If you spot one, you should “remain calm and move away slowly,” the Park Service said on Facebook.
Scott Smith, a wildlife ecologist with Maryland’s Department of Natural Resources, said the recent rainfall is “driving a lot of critters out of their normal habitat,” which could be another reason the copperhead ended up on a fence on Park Service land in Southwest Washington.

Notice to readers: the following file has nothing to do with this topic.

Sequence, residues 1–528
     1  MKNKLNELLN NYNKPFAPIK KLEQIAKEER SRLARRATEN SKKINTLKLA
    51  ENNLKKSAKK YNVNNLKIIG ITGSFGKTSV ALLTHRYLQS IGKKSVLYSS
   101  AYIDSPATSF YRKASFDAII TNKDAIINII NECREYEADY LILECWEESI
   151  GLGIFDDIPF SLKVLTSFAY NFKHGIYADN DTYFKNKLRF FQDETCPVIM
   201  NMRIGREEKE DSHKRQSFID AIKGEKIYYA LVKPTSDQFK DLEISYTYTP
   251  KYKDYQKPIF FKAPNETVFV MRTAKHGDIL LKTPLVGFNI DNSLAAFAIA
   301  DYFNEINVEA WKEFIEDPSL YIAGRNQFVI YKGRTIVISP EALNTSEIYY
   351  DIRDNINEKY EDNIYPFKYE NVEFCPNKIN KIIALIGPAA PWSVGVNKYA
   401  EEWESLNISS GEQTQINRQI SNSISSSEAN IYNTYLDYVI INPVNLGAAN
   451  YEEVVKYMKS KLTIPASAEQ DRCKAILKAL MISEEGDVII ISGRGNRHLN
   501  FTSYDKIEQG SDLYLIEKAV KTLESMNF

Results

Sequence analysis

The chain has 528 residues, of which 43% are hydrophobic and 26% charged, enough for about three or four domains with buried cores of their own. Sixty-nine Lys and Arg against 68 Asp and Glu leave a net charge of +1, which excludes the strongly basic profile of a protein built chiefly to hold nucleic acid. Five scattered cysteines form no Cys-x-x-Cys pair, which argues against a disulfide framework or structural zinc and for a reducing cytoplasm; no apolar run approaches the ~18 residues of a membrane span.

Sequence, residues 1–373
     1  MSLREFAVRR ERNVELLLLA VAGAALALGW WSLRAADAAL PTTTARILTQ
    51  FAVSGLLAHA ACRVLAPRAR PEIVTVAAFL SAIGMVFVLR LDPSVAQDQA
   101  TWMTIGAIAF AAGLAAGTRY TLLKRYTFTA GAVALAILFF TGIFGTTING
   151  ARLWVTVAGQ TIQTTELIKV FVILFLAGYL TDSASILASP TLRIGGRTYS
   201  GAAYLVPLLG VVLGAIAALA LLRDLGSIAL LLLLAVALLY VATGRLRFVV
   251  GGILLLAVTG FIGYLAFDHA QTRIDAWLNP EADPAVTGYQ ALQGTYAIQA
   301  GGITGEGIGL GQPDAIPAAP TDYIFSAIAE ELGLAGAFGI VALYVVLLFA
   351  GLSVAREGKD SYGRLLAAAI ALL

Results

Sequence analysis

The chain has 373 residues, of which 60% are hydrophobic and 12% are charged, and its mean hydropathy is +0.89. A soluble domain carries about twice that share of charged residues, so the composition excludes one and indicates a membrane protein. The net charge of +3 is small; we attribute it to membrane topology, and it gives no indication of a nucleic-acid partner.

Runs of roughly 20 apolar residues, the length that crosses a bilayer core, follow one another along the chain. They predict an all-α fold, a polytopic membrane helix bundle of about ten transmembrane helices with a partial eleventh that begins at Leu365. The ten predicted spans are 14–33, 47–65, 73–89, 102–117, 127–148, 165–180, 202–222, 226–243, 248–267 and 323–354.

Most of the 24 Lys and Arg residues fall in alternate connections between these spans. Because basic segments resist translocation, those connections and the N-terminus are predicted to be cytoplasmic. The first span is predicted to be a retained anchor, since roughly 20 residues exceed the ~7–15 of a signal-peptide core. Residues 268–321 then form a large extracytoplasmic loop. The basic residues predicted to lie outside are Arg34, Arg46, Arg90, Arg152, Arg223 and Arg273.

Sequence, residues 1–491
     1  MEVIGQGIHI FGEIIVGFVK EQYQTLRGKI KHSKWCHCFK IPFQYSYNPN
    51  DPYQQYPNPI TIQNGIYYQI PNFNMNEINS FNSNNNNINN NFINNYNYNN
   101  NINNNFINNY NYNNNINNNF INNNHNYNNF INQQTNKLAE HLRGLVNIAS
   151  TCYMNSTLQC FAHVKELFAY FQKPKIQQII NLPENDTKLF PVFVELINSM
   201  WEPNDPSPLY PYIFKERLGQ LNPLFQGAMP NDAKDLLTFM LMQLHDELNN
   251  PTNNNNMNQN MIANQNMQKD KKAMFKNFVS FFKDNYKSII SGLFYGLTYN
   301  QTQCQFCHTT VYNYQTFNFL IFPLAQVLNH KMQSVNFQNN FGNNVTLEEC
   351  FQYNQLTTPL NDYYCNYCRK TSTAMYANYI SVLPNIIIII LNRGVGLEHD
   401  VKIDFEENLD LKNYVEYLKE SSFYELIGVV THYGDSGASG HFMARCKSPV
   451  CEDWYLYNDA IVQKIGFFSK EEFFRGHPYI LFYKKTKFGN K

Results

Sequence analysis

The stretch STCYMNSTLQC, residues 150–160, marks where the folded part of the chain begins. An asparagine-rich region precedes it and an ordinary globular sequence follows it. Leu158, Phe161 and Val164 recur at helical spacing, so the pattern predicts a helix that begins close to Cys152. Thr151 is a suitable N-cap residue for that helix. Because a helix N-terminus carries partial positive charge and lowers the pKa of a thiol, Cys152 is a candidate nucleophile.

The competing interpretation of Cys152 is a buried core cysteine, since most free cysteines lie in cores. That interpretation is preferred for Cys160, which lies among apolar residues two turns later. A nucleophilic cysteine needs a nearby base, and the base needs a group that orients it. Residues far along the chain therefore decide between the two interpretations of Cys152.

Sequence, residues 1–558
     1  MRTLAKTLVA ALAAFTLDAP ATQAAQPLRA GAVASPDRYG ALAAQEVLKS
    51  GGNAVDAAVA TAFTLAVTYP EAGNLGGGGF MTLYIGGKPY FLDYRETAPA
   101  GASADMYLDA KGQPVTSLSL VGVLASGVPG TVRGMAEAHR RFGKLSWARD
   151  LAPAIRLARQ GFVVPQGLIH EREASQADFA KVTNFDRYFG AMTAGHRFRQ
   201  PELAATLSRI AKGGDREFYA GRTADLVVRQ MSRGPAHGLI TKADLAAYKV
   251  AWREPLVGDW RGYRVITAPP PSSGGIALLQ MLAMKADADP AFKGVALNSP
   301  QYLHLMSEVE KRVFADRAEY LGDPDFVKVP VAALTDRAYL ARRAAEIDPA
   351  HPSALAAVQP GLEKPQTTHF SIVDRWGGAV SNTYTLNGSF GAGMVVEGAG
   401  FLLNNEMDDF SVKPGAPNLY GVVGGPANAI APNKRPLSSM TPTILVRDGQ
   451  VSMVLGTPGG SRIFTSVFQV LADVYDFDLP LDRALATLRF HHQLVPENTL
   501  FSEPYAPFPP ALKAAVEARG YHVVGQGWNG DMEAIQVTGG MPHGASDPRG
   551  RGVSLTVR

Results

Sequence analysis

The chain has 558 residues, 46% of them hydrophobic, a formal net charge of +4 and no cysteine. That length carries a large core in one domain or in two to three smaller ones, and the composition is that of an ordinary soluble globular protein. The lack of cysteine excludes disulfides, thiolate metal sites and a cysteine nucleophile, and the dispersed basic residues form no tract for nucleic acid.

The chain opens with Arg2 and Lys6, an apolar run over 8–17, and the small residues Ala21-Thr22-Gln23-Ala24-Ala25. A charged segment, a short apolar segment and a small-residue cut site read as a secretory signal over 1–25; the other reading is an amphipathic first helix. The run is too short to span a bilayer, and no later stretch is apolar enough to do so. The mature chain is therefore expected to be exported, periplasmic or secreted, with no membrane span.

He said anyone bitten by a copperhead should seek immediate medical attention and not try to treat the bite themselves.
“Like all wildlife in national parks, the copperhead is a protected species,” the Park Service Facebook post read. “And with up to 80% of their diet consisting of rodents, copperheads provide a very valuable service in controlling those populations in the park!”